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Martin Benjamin

That’s Amore
By B.A. Nilsson

Mario’s Restaurant & Pizzeria
2850 River Rd., Niskayuna, 347-0002. Serving Tue-Fri 11-10, Sat 4-10. AE, D, DC, MC, V.

Food: * * * *
Service: Cheerful
Ambiance: Comfy

It’s true that the predecessor here was called Mari’s, a Japanese restaurant now located in Burnt Hills. But the current restaurant didn’t choose its new name on some economical basis of adding an O to the signs.

“I joke about that,” says Katrina Isopo, who owns Mario’s with her husband, John. “But we named it after our son, who’s named after John’s father.” The restaurant has been open for four years, tucked into a corner of Niskayuna you’d have no reason to explore if you didn’t live there.

But the place does a terrific business. My wife, Susan, heard about it from a friend, and we tried a couple of times to get in over the past few months, but were stymied by the crowd packing the place—and this was on a couple of weeknights!

“It gets a little slower during the week when school starts,” Katrina explains. “But Friday and Saturday are still awfully busy.”

It’s a small, very unprepossessing place, nicely appointed to make anyone from a dating couple to a full-fledged family feel comfortable. Everyone seemed happy to be there, from the hostess who seated us to the bartender who cheerfully helped jump-start my car when we left.

There are a dozen or so tables in the room adjacent to the bar. When we visited, there were almost no tabletops on view, what with all the food plates and platters. And the aroma of fresh bread only added to the appeal.

Here is a case where the antipasto for one ($7) really is sized for a single eater, albeit a hearty one. Nothing terribly special here: The meats are standard-issue sliced salami, with pepperoni slices and provolone, served over an OK mix of lettuce. Dressing is a vinegar-rich vinaigrette.

And, because my entrée entitled me to a salad, I got a salad as well. There’s a routine to be followed. I can’t really complain, however, because service was so cheerful and attentive that this hardly seemed to matter.

My daughter, Lily, and Susan shared an order of 10 chicken wings to start ($6), crisp and moderately spicy, as requested, with celery sticks and blue cheese dressing on the side. Appetizers are otherwise impressively varied, aimed at light dining and beer accompaniment as well. You can get an order of fries for $3, mozzarella sticks or bruschetta for $5, calamari rings for $6 or a small, generously topped pizza for $7.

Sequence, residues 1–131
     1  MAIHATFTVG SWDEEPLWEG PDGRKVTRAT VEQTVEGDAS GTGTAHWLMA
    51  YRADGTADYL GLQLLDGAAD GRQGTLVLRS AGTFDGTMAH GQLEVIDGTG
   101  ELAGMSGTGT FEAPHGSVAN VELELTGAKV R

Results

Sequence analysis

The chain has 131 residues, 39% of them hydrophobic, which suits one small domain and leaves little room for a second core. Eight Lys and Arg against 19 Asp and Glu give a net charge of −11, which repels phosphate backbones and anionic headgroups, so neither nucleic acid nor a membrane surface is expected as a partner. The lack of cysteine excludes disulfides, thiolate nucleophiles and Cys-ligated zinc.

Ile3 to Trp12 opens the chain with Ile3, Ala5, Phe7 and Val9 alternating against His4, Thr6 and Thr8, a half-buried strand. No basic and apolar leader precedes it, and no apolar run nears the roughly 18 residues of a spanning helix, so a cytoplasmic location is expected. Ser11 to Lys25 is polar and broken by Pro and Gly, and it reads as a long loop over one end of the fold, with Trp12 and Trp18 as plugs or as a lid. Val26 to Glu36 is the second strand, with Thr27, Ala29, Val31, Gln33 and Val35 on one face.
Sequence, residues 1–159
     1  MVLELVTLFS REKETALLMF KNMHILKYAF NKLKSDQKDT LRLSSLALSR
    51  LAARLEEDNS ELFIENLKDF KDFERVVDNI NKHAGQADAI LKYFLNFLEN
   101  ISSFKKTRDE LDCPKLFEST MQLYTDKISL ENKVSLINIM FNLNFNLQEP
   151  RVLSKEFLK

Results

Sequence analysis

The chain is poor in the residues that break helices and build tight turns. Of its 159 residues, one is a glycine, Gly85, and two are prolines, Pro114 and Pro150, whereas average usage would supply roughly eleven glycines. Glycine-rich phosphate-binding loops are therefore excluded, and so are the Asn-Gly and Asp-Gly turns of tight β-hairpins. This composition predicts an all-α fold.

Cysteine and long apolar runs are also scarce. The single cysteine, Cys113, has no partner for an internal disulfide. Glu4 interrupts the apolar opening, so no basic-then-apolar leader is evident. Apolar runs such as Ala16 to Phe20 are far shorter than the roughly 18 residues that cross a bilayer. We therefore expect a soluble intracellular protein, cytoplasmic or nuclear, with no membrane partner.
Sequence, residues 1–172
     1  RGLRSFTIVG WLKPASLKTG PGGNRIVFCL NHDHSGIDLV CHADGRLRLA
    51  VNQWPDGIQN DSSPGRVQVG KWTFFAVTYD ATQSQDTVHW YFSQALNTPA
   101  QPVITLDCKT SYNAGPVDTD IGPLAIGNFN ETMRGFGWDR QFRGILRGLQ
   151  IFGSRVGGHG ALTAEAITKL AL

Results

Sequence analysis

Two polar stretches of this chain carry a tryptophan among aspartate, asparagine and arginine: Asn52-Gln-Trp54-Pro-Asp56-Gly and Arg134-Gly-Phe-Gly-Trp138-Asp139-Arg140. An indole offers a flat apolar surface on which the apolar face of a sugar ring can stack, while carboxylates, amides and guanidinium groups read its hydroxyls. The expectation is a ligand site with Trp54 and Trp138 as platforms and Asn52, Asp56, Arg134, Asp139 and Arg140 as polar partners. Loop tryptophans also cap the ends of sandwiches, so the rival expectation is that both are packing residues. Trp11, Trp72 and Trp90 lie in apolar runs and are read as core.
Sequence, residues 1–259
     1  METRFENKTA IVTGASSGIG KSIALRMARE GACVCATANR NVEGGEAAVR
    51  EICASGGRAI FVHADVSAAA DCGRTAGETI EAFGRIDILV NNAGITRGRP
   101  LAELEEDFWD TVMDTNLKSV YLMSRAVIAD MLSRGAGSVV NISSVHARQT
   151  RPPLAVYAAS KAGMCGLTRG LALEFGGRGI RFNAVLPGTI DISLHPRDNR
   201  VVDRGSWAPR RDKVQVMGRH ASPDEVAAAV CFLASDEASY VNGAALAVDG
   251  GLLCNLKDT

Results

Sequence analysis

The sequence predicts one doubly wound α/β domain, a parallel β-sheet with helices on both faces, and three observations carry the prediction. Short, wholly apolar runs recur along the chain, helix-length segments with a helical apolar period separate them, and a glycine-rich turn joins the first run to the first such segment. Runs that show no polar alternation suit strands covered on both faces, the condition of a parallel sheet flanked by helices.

Hot submarine sandwiches, which range from $6 to $8, feature a variety: pepper and egg, sausage, meatballs, grilled chicken, veal or chicken parmigiana, and a few variations on the aforementioned. Cold subs, in the $6 range, offer a typical range of sandwich meat and/or cheese, and all of the sandwiches are on fresh-out-of-the-oven bread—similar, I expect, to what’s served with the dinners.

We didn’t order a pizza—there was so much else to sample—but noted lots of pizzas going by, including John’s own creation, a large, long Sicilian ($12) that should feed several. Stuffed breads ($7) can include broccoli, sausage, ham, pepperoni—you get the idea. Plenty of pasta choices, including ziti, ravioli, lasagna, gnocchi and rigatoni, with all manner of toppings and stuffings. I like the combo of gnocchi with garlic-enhanced broccoli ($11), but was lured elsewhere on the menu.

My daughter, however, a big fan of restaurant-served spaghetti and meatballs, was on the verge of ordering that when her mom pointed out that sausage was another companion option. She decided that, having never paired the two before, she’d do so.

The vast serving that appeared had a Bunyanesque log of sausage over the Matterhorn of pasta—but we were charged $5.50 for a supposed child’s portion! As a leftover, it provided two more meals.

Susan chose one of the evening’s specials, a why-didn’t-I-think-of-that-before zucchini parmigiana ($11) in which breaded strips of the squash get the full parm treatment. It’s an incredibly effective way of dealing with the overabundant vegetable, and the portion size guarantees that the garden will empty quickly.

I chose Veal Mario ($15) chiefly because it was named for the restaurant, which I figure means it’s considered extra special. The promised sautéed veal turned out to be small but tender strips well-mixed with tri-colored tortellini, all of it tossed in a cream sauce featuring flavors of garlic and sherry.

And that was it for us. It was the end of a long day, so we had our leftovers wrapped, passed on dessert (although the lineup sounded appealing) and made our way to the car, which has since acquired a new battery.

Dinner for three, with tax and tip, a beer and some sodas, was $63.


TABLE SCRAPS


Daniel’s Café
offered a terrific, eclectic mix of continental and Middle Eastern fare in Albany’s downtown—and then vanished. Moved, it turns out, to 4 Central Ave., Albany, occupying the ground-floor space and serving the same great menu every day from 11-10. Steaks, veal, poultry and lamb, shish kabobs and vegetarian entrées—and the Israeli platter salad is a knockout. Call 694-5320 for more info. . . . Justin’s (301 Lark St., Albany) has a new autumn menu. Among the entrées are grilled escolar (a rich fish also known as walu) on a parsley and parmesan noodle cake; roasted salmon filet with a tamarind barbecue glaze; acorn squash stuffed with corn and red rice risotto; and old faves like Jamaican jerk chicken and ropa vieja. Call 436-7008 for info and reservations. . . . Remember to pass your scraps to Metroland. Use the handy e-mail address: food@banilsson.com.

—B.A.N.

 

(Please fax info to 922-7090)

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